Sunday, February 28, 2010

Punk rock



Punk rock has its roots back in the 1970s, at least that's when I first came across it when I lived in the UK.  Wandering down King's Road, Chelsea in London, the streets were populated with a variety of different punks with unique hairstyles and clothing, all seeming to try to outdo each other in terms of outrageousness.  The Sex Pistols and The Clash were the new musical movement.

Lots of people found them intimidating, and some punks used that to their advantage, but I never had any problems.  I found them quite interesting in fact and was fascinated by the hairstyles and how they got them into the peaks and spikes and colours.

One of my stronger memories of the punk days in London was when I drove into the centre of London on one of the hottest days of summer to bring my father in law, visiting from Ireland, to his hotel.   I got him settled, then headed down in the elevator to go out and show him around.  The elevator stopped a few floors down and in entered three punk rockers.  Their hair in stiff spikes, coloured like rainbows, eyes rimmed in kohl, ; safety pins were the piercing jewelry of choice; ripped jeans and heavily studded leathers completed the outfits.

I glanced at my father in law, who hadn't been exposed to this culture previously and hoped he'd keep his opinions to himself at least while in the elevator.  He studied them for awhile, then leaned forward and said in his strong Cork brogue 'Does your mother know you look like that?'  Well, there are points in life where you wish the floor would open up and take you or you see your life flash before your eyes.   This was one of those times.

However, they kind of laughed and ignored the comment, then luckily the elevator reached the ground floor and we all went our own ways. I then explained to my father in law how it likely wasn't a good idea to provoke some punks with comments like that.  I tried to explain that he wasn't back in Ireland where he could strike fear through threat of parental disapproval of what you wore. 

Ages ago I came across an image in Deviant Art by nothingreal0 that brought me straight back to King's Road.  I asked the photographer if I could use the piece for a drawing and got approval.  I put the image on my hard drive then life and other things happened and only now am I getting around to drawing it.

This is the start of the piece done in coloured pencil on Colourfix paper in pale blue. 

8 comments:

Srishti said...

I have just awarded you the Sunshine Award because I admire your art so much...it is full of sunshine!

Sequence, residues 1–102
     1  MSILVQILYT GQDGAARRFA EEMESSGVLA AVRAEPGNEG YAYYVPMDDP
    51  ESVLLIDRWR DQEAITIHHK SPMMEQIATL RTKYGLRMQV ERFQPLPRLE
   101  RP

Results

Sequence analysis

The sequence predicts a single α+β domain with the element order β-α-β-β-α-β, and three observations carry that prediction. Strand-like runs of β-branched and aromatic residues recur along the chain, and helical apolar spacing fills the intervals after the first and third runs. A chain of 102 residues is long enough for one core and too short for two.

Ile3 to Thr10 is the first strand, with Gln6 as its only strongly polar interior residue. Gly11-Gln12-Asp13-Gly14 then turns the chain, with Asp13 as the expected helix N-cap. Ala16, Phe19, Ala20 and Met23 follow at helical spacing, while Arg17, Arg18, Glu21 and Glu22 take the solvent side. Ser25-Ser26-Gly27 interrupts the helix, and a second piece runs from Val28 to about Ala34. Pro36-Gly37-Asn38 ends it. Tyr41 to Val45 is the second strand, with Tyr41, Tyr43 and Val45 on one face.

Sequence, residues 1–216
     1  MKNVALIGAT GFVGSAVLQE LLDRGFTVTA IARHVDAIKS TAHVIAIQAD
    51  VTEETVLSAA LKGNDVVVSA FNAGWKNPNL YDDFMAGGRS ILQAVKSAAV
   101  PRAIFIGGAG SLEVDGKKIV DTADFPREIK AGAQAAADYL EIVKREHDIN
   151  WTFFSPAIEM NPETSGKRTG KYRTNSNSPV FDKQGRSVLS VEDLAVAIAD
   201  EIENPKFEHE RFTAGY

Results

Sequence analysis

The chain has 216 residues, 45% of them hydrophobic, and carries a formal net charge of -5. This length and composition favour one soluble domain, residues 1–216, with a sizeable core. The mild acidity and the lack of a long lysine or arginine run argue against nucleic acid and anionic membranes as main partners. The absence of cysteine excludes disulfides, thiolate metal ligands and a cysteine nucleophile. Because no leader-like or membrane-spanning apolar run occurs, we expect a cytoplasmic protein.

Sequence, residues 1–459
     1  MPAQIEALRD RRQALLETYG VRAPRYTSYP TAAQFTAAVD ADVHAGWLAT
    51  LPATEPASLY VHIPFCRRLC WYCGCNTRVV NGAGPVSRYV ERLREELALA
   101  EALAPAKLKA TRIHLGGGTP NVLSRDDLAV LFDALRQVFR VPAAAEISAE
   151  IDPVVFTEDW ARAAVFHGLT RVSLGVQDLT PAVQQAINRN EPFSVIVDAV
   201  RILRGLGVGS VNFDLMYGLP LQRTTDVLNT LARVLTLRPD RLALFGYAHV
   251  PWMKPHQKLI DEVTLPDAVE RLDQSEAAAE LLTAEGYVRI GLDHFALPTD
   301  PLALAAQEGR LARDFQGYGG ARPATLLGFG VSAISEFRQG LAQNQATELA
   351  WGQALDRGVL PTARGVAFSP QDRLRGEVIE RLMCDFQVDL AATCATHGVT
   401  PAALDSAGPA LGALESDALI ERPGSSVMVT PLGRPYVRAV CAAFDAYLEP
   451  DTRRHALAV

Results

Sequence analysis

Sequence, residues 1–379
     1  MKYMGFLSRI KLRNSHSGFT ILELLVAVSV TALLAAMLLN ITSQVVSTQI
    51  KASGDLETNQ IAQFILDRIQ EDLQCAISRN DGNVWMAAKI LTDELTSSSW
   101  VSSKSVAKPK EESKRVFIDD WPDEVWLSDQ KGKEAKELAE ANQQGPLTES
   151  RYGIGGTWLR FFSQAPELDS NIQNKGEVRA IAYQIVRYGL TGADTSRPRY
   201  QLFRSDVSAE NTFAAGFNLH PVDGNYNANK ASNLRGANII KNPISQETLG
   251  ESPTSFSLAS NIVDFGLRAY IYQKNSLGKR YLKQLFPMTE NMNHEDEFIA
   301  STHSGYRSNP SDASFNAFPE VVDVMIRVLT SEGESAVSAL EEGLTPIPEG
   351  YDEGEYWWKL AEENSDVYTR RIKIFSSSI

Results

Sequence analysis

Please visit my blog when you can to see the list of the other recipients.

sharon said...

Cool portrait! I like the profile view showing off the hair cut. Nice work.

Lauren Maurer said...

Very clever, and I love the story to go along with it!

RHCarpenter said...

Love the story and I can almost hear the Irish accent as it's said :) hee hee But, to me, this is as exotically beautiful as the Avatar people with their blue and marked faces - or any exotic women found in other parts of the world, tattooed and painted in ways we don't know as ours but that still show a creativity and fierce beauty - I would call this Fierce Beauty!

vivien said...

excellent!

does it need any more doing to it? I like it as it is

Julie Broom said...

really fantastic. I agree with Vivien's comment - I love it as it is with some areas just suggested.

I think this makes a really great subject matter. I'd quite liked the idea of creating some works based on the Emo culture but getting reference material is difficult, great that you were able to get permission to work from this.

Jeanette said...

Shristi, thank you! My second Sunshine award!

Sharon, I quite like profiles, its a shame they aren't used much anymore for portrait work.

Thanks Lauren, I remember the day well.

Yes, she has got that exotic look, doesn't she Rhonda?

Well I want to finish the hair and scalp, then that's about it Vivien. Its really a fairly simple portrait.

Thanks Julie, its interesting to draw this and I agree finding the references or people to pose is a challenge. I still haven't plucked up my courage to ask people I see to sit for me.

sue said...

Haaaa--fabulous! I love it!